PHT Time Machine: Four of the wildest moments in Penguins-Flyers history

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Throughout the season we will be taking an occasional look back at some significant moments in NHL history. This is the PHT Time Machine. Today we look back at a few wild moments in the history of the Pittsburgh Penguins-Philadelphia Flyers rivalry as they meet in the 2019 Stadium Series game at Lincoln Financial Field in Philadelphia.

1. The 42-game winless streak

There was an extended period of time — 15 years, to be exact — where the Pittsburgh Penguins probably would have preferred playing outside when they traveled to Philadelphia because they could not win a game in the old Spectrum. Literally, could not win a game. Between Feb. 7, 1974 and Feb. 2, 1989 the Penguins went 42 games without winning a game in the city of Philadelphia, posting an almost impossibly bad record of 0-39-3 in the Spectrum.

It was, uh, kind of a big deal in Pittsburgh when it finally ended with a 5-3 win.

2. Ron Hextall chases Rob Brown

While the Penguins finally snapped the Spectrum Jinx that season, it would not do them much luck in the playoffs. The 1988-89 season was the most productive season of Mario Lemieux’s career and resulted in his first ever playoff appearance. After easily dispatching the New York Rangers in the first round in a clean four-game sweep, the Penguins had to face their arch-nemesis in the second round and ultimately lost to them in seven games, blowing what had been a 3-2 series lead. They took that 3-2 lead with a wild 10-7 win in Game 5 that featured the highlight of the series and one of the signature moments of the Penguins-Flyers rivalry — Penguins forward Rob Brown scoring the team’s ninth goal mid-way through the second period, and then getting chased around the ice by an angry Ron Hextall.

3. The Five Overtime Game

The Penguins and Flyers played one of the NHL’s classic playoff games on May 5, 2000, when they needed five overtimes to settle Game 4 of their second-round Eastern Conference series. The Penguins had jumped out to an early 2-0 lead in the series by taking the first two games in Philadelphia. But when the series shift back to Pittsburgh, the momentum swung back toward Philadelphia with a pair of overtime wins. In Game 3, Andy Delmore was the unlikely Flyers hero by scoring a pair of goals, including the game-winner. In Game 4, it was Keith Primeau that came up big with this absolutely perfect shot to win the game at some ungodly hour in the morning.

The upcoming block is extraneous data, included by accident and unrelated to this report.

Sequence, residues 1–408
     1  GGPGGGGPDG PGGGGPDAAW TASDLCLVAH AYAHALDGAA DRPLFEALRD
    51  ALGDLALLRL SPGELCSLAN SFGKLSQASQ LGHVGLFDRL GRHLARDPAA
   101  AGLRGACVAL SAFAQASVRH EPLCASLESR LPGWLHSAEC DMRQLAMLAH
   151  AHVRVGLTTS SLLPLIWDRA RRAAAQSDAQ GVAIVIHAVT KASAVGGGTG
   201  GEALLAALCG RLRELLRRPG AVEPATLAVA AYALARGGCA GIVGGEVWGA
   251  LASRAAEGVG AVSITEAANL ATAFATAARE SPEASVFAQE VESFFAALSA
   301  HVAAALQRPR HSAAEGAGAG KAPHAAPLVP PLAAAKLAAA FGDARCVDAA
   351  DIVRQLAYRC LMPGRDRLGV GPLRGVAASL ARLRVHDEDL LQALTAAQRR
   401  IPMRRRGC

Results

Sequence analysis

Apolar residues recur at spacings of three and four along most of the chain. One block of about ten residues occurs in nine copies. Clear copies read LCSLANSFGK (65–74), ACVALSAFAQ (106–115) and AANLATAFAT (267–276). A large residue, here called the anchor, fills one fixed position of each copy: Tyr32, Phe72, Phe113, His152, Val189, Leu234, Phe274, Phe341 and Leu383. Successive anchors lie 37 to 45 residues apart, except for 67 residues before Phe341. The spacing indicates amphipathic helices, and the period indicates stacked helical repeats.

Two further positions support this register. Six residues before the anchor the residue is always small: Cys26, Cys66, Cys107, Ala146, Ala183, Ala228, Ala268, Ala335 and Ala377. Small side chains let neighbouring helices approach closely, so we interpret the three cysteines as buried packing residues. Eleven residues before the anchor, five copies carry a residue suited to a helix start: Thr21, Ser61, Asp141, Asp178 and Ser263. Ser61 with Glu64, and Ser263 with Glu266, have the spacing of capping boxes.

Penguins goalie Ron Tugnutt stopped 70 shots that night, and it still was not enough.

The Flyers would go on to win the next two games by a combined score of 8-4 to move on to the Eastern Conference Finals.

4. Jagr Watch and the 2011-12 season

Prior to the 2011-12 season it was made known that Jaromir Jagr was going to be returning to the NHL after spending a few years playing in the KHL and the Pittsburgh Penguins were interested in a reunion with one of their greatest all-time players. The free agency saga involving Jagr was long, drawn out, chaotic, and ultimately ended with him not signing with the Penguins, but their fiercest long-time rival … the Flyers.

This came in the same year that then-Flyers general manager Paul Holmgren was overhauling his roster by signing players to long-term contracts and then trading them, so the addition of Jagr was just another blockbuster on top of many other blockbusters.

Naturally, the two teams ended up meeting in the first-round of the playoffs and it was absolute mayhem. This was the series that seemed to officially break Ilya Bryzgalov as a legitimate NHL starting goalie, and for as bad as he was he was still the better of the two goalies and on the winning side. The series featured no defense, no goaltending, a missed offside call in Game 1 to spark a Flyers rally from a 3-0 deficit, on-ice violence and chaos, and a handful of suspensions.

Honestly, we should have seen all of that coming based on what happened in the final regular season meeting between the two teams when all hell broke loose on the ice and between the benches.

For more stories from the PHT Time Machine, click here.

Adam Gretz is a writer for Pro Hockey Talk on NBC Sports. Drop him a line at or follow him on Twitter @AGretz.